Journal of the Japan Society of Erosion Control Engineering
Online ISSN : 2187-4654
Print ISSN : 0286-8385
ISSN-L : 0286-8385
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Original Articles
  • Joji SHIMA, Tomoo MATSUBARA, Nobutaka ISHIKAWA, Takahisa MIZUYAMA
    2018 Volume 71 Issue 2 Pages 3-12
    Published: July 15, 2018
    Released: July 15, 2019
    JOURNALS OPEN ACCESS

    This paper presents an experimental evaluation method on the capture performance of debris flow by a steel open type Sabo dam (hereafter, steel open dam). First, the hydraulic tests for steel open dams are conducted to examine the outflow sediment, the capture height-time relation and the grain size distribution of outflow sediment by changing the riverbed slope and slit interval of dams. Herein, the capturing performance types by a steel open dam are proposed as the classification such as “complete blockage type”, “partial blockage type” and “control type”. It was found that the steel open dam with narrow slit interval showed “complete blockage type” which represents a good capture performance, regardless of riverbed slopes. It was also discovered that the capture height-time relation was a good measurement for the examination of capture process of debris flow. Second, the three different types of steel open dams in the most downstream are tested against three different scales of debris flow. It was confirmed that a new type steel open dam for the most downstream was proposed and showed good capture performance against different scales of debris flow.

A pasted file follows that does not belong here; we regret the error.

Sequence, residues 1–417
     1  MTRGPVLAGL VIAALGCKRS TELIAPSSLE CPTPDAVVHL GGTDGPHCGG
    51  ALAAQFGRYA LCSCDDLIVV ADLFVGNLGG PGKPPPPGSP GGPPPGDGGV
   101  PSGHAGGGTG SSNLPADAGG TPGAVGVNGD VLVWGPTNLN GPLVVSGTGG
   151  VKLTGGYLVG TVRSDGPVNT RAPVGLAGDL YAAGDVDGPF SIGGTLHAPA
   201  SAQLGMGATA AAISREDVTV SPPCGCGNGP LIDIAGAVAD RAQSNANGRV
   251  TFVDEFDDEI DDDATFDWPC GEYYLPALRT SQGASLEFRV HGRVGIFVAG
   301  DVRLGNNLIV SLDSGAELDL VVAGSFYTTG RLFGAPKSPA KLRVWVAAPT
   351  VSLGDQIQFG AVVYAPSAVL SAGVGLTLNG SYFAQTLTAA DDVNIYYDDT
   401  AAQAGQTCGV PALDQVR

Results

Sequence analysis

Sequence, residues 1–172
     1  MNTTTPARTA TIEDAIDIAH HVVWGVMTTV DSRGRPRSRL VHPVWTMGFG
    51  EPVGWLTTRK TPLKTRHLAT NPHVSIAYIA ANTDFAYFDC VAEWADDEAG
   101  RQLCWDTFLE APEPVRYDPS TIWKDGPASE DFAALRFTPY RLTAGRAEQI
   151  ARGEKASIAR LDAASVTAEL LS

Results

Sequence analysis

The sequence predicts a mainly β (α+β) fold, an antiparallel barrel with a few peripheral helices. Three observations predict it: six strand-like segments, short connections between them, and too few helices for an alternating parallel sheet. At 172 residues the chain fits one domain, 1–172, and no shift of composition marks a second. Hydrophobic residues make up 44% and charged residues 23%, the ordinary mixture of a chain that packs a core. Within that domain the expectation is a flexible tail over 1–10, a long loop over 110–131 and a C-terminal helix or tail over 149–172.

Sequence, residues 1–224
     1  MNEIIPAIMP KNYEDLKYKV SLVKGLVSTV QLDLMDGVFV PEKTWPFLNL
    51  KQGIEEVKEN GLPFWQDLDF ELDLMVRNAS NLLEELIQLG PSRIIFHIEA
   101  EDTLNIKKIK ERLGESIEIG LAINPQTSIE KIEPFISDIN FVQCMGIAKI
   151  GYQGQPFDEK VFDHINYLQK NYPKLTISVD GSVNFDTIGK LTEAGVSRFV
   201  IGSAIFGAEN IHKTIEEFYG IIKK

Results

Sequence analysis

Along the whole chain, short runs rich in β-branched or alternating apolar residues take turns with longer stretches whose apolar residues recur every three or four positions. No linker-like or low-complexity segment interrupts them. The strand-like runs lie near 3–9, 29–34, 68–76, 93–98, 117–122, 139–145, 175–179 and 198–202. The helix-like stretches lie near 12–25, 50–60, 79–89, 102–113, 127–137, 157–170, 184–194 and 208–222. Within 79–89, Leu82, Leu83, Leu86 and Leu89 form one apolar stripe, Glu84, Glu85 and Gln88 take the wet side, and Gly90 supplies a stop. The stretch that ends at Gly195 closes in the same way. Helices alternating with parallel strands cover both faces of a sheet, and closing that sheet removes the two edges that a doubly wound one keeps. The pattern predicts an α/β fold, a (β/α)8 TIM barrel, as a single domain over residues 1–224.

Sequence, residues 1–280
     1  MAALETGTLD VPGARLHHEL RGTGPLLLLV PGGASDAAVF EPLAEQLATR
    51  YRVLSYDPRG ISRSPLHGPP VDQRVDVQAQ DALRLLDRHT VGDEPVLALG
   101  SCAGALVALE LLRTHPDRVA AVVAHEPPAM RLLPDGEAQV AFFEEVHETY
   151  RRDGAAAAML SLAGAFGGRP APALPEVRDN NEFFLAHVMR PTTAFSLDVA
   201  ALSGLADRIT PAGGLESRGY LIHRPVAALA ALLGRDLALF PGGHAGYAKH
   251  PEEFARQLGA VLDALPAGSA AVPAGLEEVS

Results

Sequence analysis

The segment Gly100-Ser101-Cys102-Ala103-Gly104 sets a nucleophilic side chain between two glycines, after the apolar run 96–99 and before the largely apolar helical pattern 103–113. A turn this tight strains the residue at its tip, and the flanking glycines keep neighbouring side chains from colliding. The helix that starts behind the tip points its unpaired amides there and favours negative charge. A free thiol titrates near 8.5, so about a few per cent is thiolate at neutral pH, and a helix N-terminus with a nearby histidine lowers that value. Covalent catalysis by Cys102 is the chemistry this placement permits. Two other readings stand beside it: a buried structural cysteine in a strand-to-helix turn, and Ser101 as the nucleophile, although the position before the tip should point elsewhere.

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  • Takuro SUZUKI, Norifumi HOTTA
    2018 Volume 71 Issue 2 Pages 13-21
    Published: July 15, 2018
    Released: July 15, 2019
    JOURNALS OPEN ACCESS